Obama wanted to avoid the usual with his speech: a feel-good assessment of the nation's health and a presidential laundry list of new proposals and priorities. Instead, he aimed for a plainspoken narrative, hoping to tell his presidency's story -- looking forward and back -- in a way that rekindles the energy he harnessed for his historic election. The president clearly understood the magnitude of the moment -- and had a lot to say, as aides worked to whittle down the speech and still expected it to run as much as 75 minutes, an extraordinary length that could tax viewers' patience and would rival any State of the Union since the Clinton era.

Having already admitted he has failed since taking office to explain his agenda and connect with voters, Obama planned to further acknowledge missteps in communication and process. At the same time, he planned an unapologetic defense of pursuing the same agenda on which he won.

That includes an overhaul of the nation's health care system, an aggressive approach to global warming, sweeping changes to address the millions of illegal immigrants and radical reforms of how Wall Street is regulated and children are educated.

Health care was particularly imperiled by the Massachusetts election that erased Democrats' Senate supermajority, needed to pass most legislation.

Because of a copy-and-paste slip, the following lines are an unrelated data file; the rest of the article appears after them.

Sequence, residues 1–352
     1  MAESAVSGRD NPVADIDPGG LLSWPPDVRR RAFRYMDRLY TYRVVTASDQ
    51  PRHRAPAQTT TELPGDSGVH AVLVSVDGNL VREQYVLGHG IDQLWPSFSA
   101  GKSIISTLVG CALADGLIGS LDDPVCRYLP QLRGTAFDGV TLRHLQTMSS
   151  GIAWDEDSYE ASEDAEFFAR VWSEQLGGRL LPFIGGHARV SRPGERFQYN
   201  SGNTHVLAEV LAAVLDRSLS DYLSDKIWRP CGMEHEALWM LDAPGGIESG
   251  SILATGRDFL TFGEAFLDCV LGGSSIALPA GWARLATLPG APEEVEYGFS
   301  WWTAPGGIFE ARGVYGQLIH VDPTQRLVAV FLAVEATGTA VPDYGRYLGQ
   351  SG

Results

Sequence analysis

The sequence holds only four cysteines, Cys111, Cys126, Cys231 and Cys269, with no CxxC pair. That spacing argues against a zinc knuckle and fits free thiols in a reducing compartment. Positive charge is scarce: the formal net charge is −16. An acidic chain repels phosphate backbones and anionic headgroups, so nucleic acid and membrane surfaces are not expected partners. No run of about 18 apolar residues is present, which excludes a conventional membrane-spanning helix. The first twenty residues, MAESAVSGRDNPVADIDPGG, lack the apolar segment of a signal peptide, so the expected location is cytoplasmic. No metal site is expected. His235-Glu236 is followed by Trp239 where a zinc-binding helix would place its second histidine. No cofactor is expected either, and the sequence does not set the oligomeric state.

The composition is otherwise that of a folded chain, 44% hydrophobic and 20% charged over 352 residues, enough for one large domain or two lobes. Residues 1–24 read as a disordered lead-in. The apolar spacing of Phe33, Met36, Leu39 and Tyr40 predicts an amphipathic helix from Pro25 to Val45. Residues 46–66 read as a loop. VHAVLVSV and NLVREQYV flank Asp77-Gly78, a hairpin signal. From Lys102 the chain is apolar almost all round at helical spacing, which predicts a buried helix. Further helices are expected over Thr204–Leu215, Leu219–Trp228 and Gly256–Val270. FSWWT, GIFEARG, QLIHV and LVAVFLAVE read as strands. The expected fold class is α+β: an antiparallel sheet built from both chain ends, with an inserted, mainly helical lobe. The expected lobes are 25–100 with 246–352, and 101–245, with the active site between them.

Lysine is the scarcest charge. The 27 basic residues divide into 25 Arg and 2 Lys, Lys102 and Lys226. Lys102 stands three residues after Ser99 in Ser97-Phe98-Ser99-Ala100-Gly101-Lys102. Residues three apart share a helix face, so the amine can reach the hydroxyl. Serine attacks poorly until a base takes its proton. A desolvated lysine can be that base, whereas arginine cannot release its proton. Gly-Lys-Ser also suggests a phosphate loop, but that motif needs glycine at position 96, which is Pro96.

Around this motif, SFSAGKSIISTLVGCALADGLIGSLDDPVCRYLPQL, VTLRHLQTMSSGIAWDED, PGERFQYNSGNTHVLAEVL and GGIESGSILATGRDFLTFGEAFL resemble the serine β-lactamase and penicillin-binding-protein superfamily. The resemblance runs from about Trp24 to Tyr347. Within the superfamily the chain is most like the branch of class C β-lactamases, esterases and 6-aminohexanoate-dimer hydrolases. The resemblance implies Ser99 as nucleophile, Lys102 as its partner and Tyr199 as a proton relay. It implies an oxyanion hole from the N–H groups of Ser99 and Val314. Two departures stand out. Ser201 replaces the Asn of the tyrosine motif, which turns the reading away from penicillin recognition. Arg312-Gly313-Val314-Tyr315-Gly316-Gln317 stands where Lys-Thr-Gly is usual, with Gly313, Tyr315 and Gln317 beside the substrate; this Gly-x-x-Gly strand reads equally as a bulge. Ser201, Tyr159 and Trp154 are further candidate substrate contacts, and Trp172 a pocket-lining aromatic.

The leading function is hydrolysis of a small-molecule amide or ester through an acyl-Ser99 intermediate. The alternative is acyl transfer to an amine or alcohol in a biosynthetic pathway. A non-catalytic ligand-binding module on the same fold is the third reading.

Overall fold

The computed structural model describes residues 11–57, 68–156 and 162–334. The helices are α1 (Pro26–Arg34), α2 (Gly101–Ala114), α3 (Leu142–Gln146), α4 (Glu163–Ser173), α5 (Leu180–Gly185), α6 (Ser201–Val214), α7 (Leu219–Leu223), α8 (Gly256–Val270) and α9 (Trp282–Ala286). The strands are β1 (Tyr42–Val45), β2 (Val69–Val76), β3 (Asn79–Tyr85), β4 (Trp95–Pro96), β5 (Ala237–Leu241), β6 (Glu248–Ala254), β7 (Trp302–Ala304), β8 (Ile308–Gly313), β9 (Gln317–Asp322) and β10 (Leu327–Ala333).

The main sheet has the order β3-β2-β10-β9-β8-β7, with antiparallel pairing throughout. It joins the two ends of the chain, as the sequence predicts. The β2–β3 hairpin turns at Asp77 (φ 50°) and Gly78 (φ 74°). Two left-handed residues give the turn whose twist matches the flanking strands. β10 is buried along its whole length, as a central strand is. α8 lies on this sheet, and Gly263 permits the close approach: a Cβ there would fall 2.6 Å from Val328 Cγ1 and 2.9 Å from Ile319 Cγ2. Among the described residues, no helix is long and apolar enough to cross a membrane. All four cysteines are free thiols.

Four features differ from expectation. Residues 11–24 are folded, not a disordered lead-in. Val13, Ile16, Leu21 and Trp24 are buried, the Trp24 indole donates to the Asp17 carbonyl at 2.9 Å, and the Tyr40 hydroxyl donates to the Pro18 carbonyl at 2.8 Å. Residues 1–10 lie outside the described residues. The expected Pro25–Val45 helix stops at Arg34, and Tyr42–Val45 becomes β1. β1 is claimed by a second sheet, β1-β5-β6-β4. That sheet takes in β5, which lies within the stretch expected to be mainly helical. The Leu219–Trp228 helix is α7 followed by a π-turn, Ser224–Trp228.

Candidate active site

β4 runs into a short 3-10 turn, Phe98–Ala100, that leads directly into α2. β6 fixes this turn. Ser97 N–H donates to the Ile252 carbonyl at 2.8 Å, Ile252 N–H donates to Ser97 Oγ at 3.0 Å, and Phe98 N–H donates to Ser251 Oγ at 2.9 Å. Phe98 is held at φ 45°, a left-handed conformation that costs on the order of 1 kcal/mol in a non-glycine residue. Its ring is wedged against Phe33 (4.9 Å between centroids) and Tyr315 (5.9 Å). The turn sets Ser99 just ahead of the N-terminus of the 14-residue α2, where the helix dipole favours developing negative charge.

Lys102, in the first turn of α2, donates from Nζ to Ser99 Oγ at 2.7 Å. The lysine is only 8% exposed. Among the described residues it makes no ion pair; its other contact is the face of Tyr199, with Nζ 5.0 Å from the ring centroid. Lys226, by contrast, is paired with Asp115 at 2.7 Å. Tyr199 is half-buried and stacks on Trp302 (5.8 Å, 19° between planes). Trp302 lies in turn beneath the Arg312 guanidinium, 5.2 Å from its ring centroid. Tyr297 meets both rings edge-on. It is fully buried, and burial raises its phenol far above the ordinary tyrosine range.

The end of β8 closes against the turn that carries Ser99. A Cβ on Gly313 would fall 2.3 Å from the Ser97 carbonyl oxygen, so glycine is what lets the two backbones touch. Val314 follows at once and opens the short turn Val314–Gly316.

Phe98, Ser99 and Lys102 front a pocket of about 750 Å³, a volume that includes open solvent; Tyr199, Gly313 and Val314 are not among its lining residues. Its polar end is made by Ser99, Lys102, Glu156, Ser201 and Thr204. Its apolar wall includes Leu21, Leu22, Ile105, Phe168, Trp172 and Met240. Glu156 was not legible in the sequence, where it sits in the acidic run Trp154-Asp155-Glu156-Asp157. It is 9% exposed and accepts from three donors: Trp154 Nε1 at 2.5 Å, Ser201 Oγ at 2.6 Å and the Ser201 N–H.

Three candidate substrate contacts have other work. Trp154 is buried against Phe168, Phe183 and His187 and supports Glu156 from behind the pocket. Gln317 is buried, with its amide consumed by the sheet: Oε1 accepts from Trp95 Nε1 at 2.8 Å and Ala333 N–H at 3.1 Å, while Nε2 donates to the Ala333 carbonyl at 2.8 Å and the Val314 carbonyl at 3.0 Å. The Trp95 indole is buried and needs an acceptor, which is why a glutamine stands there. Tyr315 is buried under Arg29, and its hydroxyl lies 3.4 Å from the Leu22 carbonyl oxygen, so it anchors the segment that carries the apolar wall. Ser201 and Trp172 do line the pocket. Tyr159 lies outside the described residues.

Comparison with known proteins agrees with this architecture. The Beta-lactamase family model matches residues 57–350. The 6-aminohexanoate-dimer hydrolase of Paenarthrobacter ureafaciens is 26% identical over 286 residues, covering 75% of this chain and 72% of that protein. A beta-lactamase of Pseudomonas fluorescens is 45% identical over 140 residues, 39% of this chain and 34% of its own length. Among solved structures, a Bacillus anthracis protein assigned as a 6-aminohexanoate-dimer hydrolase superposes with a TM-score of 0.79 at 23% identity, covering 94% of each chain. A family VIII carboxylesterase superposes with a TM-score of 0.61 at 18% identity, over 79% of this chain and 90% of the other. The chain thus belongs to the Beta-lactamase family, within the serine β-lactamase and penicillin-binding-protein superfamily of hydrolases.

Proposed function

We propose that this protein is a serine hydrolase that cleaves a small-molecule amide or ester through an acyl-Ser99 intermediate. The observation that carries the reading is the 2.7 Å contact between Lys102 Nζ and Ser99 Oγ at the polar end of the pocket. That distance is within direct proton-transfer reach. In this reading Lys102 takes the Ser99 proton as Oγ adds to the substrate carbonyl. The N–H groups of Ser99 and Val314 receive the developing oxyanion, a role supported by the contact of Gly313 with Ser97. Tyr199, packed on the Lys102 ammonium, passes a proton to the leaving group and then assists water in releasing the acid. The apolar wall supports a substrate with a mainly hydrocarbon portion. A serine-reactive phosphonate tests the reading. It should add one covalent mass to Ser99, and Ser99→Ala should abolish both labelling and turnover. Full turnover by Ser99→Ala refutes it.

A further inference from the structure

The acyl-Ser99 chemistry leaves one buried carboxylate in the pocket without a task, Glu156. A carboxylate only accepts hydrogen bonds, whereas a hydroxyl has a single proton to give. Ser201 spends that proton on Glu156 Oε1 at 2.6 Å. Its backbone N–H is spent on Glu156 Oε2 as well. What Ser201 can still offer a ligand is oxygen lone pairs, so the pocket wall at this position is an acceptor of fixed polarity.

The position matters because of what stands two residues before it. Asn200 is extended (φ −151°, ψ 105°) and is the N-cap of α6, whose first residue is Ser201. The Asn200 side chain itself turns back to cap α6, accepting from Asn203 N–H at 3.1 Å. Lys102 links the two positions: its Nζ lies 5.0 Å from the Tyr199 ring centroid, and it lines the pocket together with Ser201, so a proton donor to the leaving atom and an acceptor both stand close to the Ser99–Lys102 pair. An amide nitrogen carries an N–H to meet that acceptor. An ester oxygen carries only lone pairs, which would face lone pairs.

Obama planned to make his commitment to his signature domestic priority clear, and to urge lawmakers to enact a far-reaching bill rather than a smaller-bore solution -- though it's not clear there is a viable path for this in Congress. However, sticking to his well-established pattern, Obama will not offer lawmakers a specific prescription for salvaging a bill, said White House senior adviser Valerie Jarrett.

The guest list for first lady Michelle Obama's box in the gallery provides another message vehicle, featuring stories from entrepreneurial immigrants to families trying to make ends meet.

In a remarkable shift from past addresses, and notable for a president whose candidacy first caught fire over Iraq war opposition, foreign policy is taking a relative back seat.

The section will come behind the economy and be largely devoid of new policy, with Obama providing an update on the Afghanistan escalation he just ordered, looking ahead to the end of U.S. combat in Iraq and his hosting of an international nuclear weapons summit, and promising an aggressive fight against terrorists.

In a signal the Obama team considers itself at a turning point, it is reverting to techniques that successfully galvanized the grass roots during his campaign.

Obama's political arm-in-waiting, Obama for America, which has assumed a low profile since his election, texted watch-party information to supporters. The White House also solicited follow-up questions on -- saying Obama will answer them online next week.

The president was keeping to the tradition of taking his themes on the road. He will travel to Florida on Thursday to announce $8 billion for high-speed rail development, to Maryland on Friday to speak to a House Republican retreat, and to New Hampshire Tuesday for a jobs-focused event. Cabinet officials were fanning out too.

On Monday, Obama's priorities get another burst of attention, as he submits them in detail to Congress in his 2011 budget request.

Associated Press writers Ben Feller, Julie Pace, Phil Elliott and Darlene Superville contributed to this story.